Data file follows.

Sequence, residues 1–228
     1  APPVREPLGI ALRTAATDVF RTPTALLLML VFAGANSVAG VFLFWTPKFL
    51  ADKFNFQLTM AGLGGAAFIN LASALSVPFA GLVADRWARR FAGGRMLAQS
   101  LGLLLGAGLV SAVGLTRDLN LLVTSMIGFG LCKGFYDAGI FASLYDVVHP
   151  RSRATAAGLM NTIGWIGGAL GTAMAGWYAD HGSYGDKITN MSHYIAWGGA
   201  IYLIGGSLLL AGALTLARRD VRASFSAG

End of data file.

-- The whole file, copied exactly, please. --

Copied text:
Sequence, residues 1–228
     1  APPVREPLGI ALRTAATDVF RTPTALLLML VFAGANSVAG VFLFWTPKFL
    51  ADKFNFQLTM AGLGGAAFIN LASALSVPFA GLVADRWARR FAGGRMLAQS
   101  LGLLLGAGLV SAVGLTRDLN LLVTSMIGFG LCKGFYDAGI FASLYDVVHP
   151  RSRATAAGLM NTIGWIGGAL GTAMAGWYAD HGSYGDKITN MSHYIAWGGA
   201  IYLIGGSLLL AGALTLARRD VRASFSAG